Trypanosomiasis: Parasite, plastid-related genes

on 5.12.08 with 0 comments

Trypanosomes harbour numerous genes sharing apparent common ancestry with bacteria and/or plants. Many of these horizontally acquired genes seem to function in the glycosome. The glycosome is being studied as a possible therapeutic drug target. How did the trypanosomes acquire these "foreign" genes? Trypanosomes fall within the Phylum Euglenozoa, which includes the beautiful euglenid algae. These algae have chloroplasts, green plastids surrounded by three membranes. This is thought to reflect an engulfed eukaryotic algal endosymbiont similar to the apicoplast in Plasmodium parasites. Chloroplasts themselves are thought to have arisen form an endosymbiotic merger of a cyanobacterial prokaryote with an eukaryote. Although there is no evidence of a plastid in trypanosomes, the presence of such genes suggest that lateral gene transfer from some photosynthetic organism(s) occurred in the distant past. It is possible that the ancestors of the currect trypanosomes had plastids, but that they lost their passengers during evolution. There are known examples of plastid loss, e.g. in oomycetes and possibly in ciliates. Bodonids are free-living bacteriovorous kinetoplastids. Some kinetoplastids contain their own bacterial endosymbionts (e.g. Crithidia oncopelti). It is conceivable that independent endosymbionts could have been an alternative source for some of the "foreign" genes. If further phylogenetic analyses of lateral transferred genes consistently point to a single genetic source, the endosymbiont hypothesis will be supported. If the genes derive from multiple independent lineages, multiple independent gene transfers from ingested food items will be more probable.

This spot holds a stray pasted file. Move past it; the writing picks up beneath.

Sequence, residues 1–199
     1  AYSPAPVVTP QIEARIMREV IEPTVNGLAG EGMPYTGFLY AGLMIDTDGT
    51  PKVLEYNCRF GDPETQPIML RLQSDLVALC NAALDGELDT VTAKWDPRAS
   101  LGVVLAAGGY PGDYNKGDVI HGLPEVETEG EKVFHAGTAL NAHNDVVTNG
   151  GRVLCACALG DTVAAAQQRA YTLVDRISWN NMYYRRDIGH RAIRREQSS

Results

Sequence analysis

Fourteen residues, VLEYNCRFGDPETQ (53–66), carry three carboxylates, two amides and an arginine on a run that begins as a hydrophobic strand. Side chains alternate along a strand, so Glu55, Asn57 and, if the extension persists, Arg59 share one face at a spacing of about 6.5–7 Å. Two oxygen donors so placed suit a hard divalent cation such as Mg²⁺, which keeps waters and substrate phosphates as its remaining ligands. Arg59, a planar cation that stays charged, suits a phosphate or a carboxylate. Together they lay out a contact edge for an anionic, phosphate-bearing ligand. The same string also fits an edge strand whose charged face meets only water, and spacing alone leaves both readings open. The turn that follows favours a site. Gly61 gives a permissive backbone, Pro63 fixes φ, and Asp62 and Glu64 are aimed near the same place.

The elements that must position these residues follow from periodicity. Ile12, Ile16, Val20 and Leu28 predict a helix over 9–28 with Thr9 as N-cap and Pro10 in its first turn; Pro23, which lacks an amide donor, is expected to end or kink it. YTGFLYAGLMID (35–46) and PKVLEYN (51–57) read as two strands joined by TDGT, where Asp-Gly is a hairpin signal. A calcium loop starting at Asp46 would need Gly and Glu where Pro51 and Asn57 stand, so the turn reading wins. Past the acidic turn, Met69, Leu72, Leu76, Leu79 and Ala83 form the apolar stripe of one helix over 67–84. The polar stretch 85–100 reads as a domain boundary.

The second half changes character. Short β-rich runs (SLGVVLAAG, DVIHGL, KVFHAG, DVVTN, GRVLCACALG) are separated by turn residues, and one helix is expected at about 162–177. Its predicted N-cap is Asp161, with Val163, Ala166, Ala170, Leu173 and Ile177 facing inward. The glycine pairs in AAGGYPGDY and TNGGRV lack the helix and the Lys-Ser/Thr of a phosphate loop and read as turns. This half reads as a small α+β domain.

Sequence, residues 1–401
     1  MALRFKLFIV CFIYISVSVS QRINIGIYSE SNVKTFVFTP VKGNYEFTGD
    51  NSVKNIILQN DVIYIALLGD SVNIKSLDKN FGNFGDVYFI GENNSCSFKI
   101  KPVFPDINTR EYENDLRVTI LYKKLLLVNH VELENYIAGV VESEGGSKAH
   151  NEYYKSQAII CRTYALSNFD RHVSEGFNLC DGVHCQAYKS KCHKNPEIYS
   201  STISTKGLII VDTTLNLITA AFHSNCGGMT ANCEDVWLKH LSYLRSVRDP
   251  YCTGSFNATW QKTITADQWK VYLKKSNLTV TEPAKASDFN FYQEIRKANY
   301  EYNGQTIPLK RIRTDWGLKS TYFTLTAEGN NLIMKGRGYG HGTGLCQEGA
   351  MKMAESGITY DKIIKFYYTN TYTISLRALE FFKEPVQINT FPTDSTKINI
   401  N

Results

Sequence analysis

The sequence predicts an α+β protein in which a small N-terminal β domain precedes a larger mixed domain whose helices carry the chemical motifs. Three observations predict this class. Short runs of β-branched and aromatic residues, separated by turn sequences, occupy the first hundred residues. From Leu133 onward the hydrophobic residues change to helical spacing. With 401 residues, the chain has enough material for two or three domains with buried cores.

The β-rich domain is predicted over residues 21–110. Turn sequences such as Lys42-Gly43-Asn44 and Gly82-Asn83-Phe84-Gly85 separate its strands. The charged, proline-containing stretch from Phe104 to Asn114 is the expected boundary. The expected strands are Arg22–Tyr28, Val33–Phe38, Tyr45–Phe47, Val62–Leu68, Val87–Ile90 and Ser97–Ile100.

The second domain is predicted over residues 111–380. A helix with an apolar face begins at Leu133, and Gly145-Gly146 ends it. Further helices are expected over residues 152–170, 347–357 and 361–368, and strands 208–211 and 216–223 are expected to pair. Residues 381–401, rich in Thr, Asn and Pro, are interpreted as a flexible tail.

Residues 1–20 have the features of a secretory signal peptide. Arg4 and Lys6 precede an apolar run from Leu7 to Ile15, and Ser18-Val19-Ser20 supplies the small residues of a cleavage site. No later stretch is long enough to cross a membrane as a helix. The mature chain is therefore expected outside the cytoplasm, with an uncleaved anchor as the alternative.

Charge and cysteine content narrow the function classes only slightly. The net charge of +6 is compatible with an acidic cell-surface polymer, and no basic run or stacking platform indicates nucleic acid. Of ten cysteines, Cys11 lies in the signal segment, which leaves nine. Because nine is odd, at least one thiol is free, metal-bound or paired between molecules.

Category: Medicine Notes



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